Japanese Auction System Basics
Japanese auction formats can vary, but let’s look at the steps in the USS auction system. This is the largest used car auction in Japan, selling an average of 50,000 lots per week.
Seller notes the car's first registration date, maker, model, mileage, service book, etc. Seller can’t include comments on the car’s condition. But can refer to car’s special features, such as installed turbo timers, coilovers, drive recorders. If a seller gives inaccurate information, the buyer can apply to the auction house for compensation!
Sellers have to include their auction membership number, company name and starting and selling price. Sellers can specify any starting and selling price. This information can be seen only by the auction staff!
USS inspectors check the cars and give them a score from 1 to 6, which is fair and unbiased. It takes about 1-2 days to inspect the car, take pictures, and put the information on the auctions website. When the auction starts, buyers use the information on the auction sheet to decide how much to offer for the car.
The auction sheet is a crucial document when purchasing used cars from Japan.. Auction sheets provide essential information about the vehicle's history and condition. including details such as:
The car is given a grade for its interior and exterior, as well as a total grade that reflects its overall condition. All comments on the sheet are written in Japanese and by hand. The use of abbreviations can make it challenging to read even for native Japanese speakers. It's recommended to seek professional assistance to translate the auction sheet accurately.
New cars / Cars not older than a year.
Cars not older than 3 years, in nearly-new condition, and maximum mileage of 30,000 km. So a 5-year-old car with only 0 km can’t be given S or 6 auction grades.
Cars with a maximum mileage of 50,000 km, regardless of age. Given to cars that have no repair marks, scratches, or dents. Interior is in mint condition.
Cars with a maximum mileage of 100,000 km in very good condition. Given to cars with no visible repair marks, large scratches, dents, interior cigarette burns, permanent stains, or cracks in the dashboard. Quality repair work or modified body panels allowed.
Buyer Tip: Auction sheet comments about car condition should be carefully interpreted. For example, cars that were never repaired but were given light cleaning and polishing could be given a grade of 5. Whereas cars with higher mileage that had parts repaired or replaced might get a grade of 4.
It’s hard to know which is the better choice for you. That’s why it’s important to have an on-the-ground expert like EFJ do in-person inspections, provide photo documentation, and give you first-hand details on the car’s condition.
Cars with a maximum mileage of 150,000 km. May have small to medium-sized scratches. Generally given to cars in good condition.
Again, try to get as much detail as possible. For example, a 15-year-old car with rust marks on the underbody, a couple of details changed, but damage to the main body might get a grade 4.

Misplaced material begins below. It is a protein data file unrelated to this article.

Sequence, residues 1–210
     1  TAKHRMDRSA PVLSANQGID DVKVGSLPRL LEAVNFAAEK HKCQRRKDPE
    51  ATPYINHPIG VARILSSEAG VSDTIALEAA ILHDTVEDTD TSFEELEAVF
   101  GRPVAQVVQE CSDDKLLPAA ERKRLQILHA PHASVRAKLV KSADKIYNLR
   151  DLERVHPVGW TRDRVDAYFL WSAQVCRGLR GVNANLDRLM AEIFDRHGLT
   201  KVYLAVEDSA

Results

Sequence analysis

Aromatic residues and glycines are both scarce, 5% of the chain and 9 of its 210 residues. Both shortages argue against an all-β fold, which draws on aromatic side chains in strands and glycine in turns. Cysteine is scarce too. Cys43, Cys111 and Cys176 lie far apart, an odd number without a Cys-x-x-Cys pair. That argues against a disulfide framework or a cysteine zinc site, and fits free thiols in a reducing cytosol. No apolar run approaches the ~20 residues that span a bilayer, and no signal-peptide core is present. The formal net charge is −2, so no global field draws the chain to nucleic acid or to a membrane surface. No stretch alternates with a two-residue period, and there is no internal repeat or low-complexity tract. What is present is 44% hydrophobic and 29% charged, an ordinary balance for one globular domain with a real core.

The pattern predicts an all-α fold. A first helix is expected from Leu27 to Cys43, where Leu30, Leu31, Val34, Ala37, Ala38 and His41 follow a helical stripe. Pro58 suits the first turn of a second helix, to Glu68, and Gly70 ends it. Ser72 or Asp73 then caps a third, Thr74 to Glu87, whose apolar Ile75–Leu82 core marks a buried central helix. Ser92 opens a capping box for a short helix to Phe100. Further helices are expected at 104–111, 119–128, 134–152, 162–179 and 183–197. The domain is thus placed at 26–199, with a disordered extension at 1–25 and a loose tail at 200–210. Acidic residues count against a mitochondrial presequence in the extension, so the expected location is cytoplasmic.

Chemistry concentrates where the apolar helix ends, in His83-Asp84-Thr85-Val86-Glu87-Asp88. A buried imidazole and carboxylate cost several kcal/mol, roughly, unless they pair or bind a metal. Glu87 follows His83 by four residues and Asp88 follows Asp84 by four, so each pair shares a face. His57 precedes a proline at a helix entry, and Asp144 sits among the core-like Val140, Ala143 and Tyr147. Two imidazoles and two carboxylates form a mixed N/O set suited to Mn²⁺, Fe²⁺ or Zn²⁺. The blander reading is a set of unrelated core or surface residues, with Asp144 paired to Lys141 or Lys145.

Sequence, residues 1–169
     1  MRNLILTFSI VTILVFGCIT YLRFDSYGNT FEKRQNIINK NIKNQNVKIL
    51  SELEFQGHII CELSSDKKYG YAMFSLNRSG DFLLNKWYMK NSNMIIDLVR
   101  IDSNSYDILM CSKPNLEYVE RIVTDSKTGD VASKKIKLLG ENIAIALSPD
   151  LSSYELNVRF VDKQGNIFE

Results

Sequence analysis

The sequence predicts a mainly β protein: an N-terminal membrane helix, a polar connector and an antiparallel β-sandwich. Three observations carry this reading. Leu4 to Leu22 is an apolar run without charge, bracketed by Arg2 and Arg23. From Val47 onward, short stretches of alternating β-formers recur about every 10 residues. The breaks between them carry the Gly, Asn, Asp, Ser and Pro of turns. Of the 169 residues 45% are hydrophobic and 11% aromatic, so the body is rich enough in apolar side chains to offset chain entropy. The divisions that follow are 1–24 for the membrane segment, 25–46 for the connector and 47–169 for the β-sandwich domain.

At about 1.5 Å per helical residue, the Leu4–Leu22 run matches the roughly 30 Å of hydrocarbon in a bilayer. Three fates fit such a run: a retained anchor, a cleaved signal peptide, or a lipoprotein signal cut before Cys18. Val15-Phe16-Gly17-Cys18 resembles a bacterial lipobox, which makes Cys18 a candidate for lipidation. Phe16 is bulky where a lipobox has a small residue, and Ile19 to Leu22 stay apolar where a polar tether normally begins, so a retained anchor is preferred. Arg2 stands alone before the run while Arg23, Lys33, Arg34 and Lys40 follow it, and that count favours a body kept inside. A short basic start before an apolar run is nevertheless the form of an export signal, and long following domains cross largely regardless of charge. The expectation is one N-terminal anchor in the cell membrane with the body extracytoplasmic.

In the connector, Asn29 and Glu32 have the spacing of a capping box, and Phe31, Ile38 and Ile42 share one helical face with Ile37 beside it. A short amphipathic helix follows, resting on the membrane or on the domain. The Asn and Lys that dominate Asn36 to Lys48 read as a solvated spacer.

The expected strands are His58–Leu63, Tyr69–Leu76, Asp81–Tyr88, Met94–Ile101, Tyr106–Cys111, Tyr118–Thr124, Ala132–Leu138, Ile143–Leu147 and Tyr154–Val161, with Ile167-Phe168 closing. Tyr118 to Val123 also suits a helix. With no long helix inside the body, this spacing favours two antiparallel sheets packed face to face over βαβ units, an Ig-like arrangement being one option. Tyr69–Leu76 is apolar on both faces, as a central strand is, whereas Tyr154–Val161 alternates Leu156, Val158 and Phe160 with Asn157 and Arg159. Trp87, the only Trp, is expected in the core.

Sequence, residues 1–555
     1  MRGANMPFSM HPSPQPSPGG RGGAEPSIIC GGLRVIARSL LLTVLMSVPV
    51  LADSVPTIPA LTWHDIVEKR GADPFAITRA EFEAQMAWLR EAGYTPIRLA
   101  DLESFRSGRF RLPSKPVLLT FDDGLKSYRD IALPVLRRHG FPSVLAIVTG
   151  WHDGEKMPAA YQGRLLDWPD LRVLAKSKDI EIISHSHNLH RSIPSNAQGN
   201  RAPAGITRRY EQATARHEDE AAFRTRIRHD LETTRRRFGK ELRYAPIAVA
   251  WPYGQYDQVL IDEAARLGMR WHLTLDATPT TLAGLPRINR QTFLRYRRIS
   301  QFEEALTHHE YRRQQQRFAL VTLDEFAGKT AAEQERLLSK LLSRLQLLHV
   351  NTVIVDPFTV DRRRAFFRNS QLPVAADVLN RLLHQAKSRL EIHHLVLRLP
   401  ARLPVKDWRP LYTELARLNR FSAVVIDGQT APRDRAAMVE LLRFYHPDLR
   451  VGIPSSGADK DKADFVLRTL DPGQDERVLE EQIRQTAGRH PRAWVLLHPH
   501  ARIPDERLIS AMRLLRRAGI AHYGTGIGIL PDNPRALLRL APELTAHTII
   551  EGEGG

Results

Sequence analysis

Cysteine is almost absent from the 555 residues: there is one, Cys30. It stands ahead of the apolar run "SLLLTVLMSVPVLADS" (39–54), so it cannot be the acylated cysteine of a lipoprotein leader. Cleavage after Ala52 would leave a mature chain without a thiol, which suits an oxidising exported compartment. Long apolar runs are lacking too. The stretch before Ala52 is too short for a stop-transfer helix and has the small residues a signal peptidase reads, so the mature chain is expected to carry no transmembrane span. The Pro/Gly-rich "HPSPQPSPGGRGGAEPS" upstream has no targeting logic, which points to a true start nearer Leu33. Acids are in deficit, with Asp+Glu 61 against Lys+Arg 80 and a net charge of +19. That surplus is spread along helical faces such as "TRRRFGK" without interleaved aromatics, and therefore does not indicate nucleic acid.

On the other hand, a 3-year-old car with 10,000 km could get a grade of 4 as a result of two large scratches. If that car is repaired, it will be given a grade of 4.5. It may be more profitable for you to buy the grade 4 vehicle for a lower price.
Given to cars with large scratches, dents, modified or repaired rear fenders, scratches in the cabin, cigarette burns or cracks in the trim, or cars with excessive mileage based on age. For example, a new car with very little mileage and a tidy interior, but with serious damage to a door could be rated with grade 3.5.
Given to cars with substantial rust, corrosion.
Generally given to cars that have been submerged or burned.
If any part of the body is repaired or replaced, regardless of mileage and year, the car is rated as R. Repaired or replaced parts include core support, side inner panel, crossmember, rear floor, center pillars, etc.
Japanese car auction sheets can be a great resource when you’re shopping for high-quality, pre-owned vehicles. But don’t rely on these as your only source of information because, as we’re shown, auction sheet grades are open to interpretation.
What’s more important is to look closely at the specific notes on the vehicle you have your eye on. But it can be hard to know whether you’re getting the most accurate information if you’re half a world away. That’s why it makes sense to work with on-the-ground professionals who can personally inspect your target car to get a true picture of its condition.
EFJ has the experience and expertise to simplify your buying experience. We’ll help you interpret and understand your car's auction sheet. And we’ll give you a detailed, professional assessment of your car’s condition and true market value. We can help you find the car that’s right for you.
Connect with us at [email protected], and let us do the work for you!